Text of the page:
This will hopefully be reported in a while in some peer reviewed venue or at least a conference, but I wanted to get some of my thoughts down early on. I’m part of an internally funded research project at MPOW (not linked from here, but you can easily google me) that is incredibly ambitious and has some risk. What are we trying to do? We’re trying “To provide actionable knowledge to decision makers, build capacity for communicating ideas, and create resilience through discovery.” That’s a pretty broad statement. Here’s the nutshell version: get scientists and decision makers together to address issues related to climate disruption, its mitigation, and adaptation to it. Our specialty is systems engineering, so that’s our approach.
The first way we’re starting on this is to hold a few conferences to develop prioritized lists of needs in a few key areas and to start building a community of interest supported by an online community. The conferences aren’t the standard sit-there-and-be-lectured-at type of thing. They involve breakout sessions with read aheads, polls, surveys, online comments, and a notetaker recording spoken discussion. The first of these was held this week with climate scientists and public health researchers and practitioners. It was pretty intensive with scheduling from 7:30am to as late as 8pm and with all the breakfasts, lunches, and one dinner provided there at the meeting location.
My concerns were facilitating communication across different areas of science and to decision makers as well as how a software tool can support this type of meeting. I really didn’t get to help much with the communication bit, unfortunately, but I did work pretty hard on the platform, alongside a web developer, a couple of software engineers, a noted psychologist who studies collaboration in science, a cosmologist, an astronomer, an atmospheric physicist, and others.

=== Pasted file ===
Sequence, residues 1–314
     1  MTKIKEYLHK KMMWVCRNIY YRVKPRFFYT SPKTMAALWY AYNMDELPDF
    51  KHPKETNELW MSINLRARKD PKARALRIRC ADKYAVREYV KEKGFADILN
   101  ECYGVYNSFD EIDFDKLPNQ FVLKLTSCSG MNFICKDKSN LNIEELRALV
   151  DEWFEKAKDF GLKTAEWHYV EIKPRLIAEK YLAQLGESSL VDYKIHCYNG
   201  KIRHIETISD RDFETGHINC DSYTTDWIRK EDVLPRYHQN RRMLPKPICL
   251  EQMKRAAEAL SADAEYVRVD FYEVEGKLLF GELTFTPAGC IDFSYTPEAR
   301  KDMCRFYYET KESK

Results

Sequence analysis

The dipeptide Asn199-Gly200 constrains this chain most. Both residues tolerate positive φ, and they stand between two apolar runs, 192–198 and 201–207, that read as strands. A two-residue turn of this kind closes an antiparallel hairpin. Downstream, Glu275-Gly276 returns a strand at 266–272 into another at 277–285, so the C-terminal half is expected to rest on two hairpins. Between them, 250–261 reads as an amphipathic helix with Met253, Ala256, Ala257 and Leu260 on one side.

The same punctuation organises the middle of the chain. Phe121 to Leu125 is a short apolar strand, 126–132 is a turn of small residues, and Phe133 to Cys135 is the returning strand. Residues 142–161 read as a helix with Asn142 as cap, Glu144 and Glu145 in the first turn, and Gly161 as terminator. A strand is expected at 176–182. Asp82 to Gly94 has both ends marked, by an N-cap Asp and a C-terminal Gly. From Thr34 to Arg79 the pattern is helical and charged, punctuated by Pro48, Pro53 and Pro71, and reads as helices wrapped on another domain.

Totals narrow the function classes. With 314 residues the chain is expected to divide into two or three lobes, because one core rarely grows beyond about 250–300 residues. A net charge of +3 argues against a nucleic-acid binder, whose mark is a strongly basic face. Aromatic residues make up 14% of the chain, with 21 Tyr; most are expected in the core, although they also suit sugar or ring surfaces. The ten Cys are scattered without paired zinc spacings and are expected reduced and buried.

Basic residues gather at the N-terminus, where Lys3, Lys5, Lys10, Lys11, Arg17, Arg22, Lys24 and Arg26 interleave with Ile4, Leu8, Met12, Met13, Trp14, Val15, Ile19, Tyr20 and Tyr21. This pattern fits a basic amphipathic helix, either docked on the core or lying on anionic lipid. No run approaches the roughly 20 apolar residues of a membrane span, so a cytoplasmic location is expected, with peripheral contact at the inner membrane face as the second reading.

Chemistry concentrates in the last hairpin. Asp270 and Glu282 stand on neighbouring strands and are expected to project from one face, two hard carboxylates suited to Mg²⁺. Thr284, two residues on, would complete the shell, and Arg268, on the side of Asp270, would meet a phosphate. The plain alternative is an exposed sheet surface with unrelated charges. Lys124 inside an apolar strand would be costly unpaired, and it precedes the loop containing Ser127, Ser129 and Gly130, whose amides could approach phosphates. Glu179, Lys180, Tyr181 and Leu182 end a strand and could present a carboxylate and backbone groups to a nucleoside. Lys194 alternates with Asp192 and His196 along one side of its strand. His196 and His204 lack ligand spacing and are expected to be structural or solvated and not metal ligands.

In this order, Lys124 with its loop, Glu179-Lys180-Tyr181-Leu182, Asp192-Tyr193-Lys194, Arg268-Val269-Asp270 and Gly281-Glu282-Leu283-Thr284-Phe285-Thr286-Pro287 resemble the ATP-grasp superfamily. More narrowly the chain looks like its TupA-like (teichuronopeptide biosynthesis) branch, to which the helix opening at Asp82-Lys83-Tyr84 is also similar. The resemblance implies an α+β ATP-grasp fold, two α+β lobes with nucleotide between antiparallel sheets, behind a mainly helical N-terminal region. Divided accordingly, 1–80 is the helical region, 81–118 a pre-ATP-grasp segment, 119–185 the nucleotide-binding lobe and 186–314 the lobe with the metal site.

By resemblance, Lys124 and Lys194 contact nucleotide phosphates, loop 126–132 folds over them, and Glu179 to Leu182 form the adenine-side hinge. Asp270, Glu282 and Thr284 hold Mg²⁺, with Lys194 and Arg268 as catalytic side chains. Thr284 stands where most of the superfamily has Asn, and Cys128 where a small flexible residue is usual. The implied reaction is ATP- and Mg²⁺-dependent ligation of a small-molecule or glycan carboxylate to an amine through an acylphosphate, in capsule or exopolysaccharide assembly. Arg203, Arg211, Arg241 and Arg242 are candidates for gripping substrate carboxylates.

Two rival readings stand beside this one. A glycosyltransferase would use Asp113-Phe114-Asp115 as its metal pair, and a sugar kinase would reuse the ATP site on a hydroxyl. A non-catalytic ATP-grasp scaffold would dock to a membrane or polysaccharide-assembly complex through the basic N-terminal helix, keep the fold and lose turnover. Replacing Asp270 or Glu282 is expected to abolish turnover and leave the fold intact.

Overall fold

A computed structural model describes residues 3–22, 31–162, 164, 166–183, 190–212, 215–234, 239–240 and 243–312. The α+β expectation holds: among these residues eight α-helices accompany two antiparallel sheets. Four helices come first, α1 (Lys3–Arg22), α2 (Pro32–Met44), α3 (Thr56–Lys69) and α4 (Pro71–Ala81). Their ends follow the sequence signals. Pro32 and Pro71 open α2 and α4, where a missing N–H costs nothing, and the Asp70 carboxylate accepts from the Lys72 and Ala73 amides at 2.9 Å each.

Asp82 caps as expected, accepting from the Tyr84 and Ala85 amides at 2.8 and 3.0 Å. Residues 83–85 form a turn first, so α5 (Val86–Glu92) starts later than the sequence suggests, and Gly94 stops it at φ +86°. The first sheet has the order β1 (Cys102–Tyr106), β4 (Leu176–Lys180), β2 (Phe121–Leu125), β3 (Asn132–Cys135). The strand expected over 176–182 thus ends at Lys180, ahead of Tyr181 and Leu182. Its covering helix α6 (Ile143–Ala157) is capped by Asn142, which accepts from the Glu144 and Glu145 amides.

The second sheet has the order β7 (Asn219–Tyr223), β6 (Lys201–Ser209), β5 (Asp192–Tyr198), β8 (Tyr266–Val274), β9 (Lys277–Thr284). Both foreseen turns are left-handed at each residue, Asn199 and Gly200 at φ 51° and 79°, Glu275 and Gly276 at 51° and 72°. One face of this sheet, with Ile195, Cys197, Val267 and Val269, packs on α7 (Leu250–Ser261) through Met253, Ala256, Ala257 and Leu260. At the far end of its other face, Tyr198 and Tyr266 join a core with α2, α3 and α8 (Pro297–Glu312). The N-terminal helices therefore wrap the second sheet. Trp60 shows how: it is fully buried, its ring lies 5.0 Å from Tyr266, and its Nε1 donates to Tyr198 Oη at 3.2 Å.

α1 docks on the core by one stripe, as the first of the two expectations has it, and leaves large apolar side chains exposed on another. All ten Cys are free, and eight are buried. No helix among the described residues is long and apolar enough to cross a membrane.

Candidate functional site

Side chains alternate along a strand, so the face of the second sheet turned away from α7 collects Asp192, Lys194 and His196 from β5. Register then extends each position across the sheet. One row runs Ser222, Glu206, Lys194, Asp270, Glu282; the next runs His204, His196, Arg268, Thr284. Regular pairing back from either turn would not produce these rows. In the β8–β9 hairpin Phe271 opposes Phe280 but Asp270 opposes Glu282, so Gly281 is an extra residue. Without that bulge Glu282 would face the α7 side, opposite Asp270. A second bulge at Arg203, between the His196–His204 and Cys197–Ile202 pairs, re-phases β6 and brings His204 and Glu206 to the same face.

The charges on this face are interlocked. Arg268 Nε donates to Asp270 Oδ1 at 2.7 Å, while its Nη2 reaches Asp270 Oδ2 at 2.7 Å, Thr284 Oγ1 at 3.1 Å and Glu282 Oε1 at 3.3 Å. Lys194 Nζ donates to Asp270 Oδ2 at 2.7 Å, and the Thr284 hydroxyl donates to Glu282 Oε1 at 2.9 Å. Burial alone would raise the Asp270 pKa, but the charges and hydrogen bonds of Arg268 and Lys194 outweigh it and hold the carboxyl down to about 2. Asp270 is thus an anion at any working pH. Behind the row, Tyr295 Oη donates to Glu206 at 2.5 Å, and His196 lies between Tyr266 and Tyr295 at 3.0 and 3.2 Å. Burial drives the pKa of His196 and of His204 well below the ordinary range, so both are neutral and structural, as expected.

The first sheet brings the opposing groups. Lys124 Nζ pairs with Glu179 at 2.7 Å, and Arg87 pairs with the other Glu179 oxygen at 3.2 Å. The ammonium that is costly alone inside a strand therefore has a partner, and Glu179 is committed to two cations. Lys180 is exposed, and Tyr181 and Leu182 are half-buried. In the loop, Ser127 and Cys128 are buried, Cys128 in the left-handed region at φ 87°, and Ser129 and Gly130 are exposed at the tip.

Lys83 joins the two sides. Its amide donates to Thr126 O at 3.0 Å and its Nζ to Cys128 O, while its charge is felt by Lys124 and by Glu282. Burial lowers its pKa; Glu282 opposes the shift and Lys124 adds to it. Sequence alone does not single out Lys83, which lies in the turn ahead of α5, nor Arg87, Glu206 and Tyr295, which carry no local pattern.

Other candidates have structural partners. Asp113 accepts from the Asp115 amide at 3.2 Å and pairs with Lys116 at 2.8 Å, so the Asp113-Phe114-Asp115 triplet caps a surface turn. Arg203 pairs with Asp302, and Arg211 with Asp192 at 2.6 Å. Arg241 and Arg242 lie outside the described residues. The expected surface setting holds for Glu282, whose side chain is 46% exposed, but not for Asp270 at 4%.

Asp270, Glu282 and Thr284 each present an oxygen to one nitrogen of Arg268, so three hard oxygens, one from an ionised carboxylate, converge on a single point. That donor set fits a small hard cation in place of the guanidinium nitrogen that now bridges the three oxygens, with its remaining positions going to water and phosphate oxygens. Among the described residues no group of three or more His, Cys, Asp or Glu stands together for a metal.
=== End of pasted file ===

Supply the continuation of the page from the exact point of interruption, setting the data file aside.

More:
There are many platforms that did some of the things we wanted to do, but other future work is to provide a type of virtual observatory for climate data, so we were looking for something very flexible. We were also working on a shoestring, so we couldn’t just outsource a consultant to build what we needed. What we ended up with is a Drupal 6.2 installation. There were some plenary sessions but it’s the breakout sessions and the digital library that are probably the most interesting. For the breakout sessions, we had a session description, a bio of the moderator, room for notes from the note taker (with a scroll bar), and a forum-like threaded place for comments. The comments was also where files could be uploaded. In the sidebar, we had a listing of the accounts who were looking at the page (custom built), a list of the files that had been uploaded (custom built), and a place for polls. The concept was that the moderator would introduce the topic, but the conversation would involve all attendees (we expected up to about 20 per room). Attendees could share an image or a file to illustrate their point. The comments would be used to get input from the shy participants. The polls could be used to establish a starting place or rank whatever came out of the discussion. (I’m not including an image on purpose – I don’t have a blank one to show).
The digital library is pretty cool. The module we’re using will fill in the details if you give it a PMID. Since this first conference was about public health, we used that quite a bit. It also allows us to use the node number to quickly add a footnote or the whole citation wherever we want with a short macro.
As you might expect, there was a learning curve not only in using the site, but also in understanding what the site was useful for. Some of the moderators were all about getting the most out of the site while others didn’t get it or were afraid it would be distracting. In addition to the notetaker, each breakout had a facilitator to help everyone get logged in, to upload files, and to create polls on the fly. I was the facilitator for 4 sessions with 3 different moderators. Each session was different. Creating a poll to rank the 8 things that came out in discussion was tough to do on the fly, even for those who type fast.
The attendees, once they got used to not being on the internet (no checking e-mail!), and got logged in, seemed to do ok. A lot of them said they enjoyed that part of it. One part that got great feedback was the feedback session itself! That was essentially a threaded forum, but then we discussed the feedback and I took notes.
Attendees would be interested in receiving an occasional e-mail, but didn’t seem to really want to contribute to the site really. It was also suggested that we have regular virtual meetings using the site.
Anyway, lots more detail needed, lots more to say, but that’s it for now.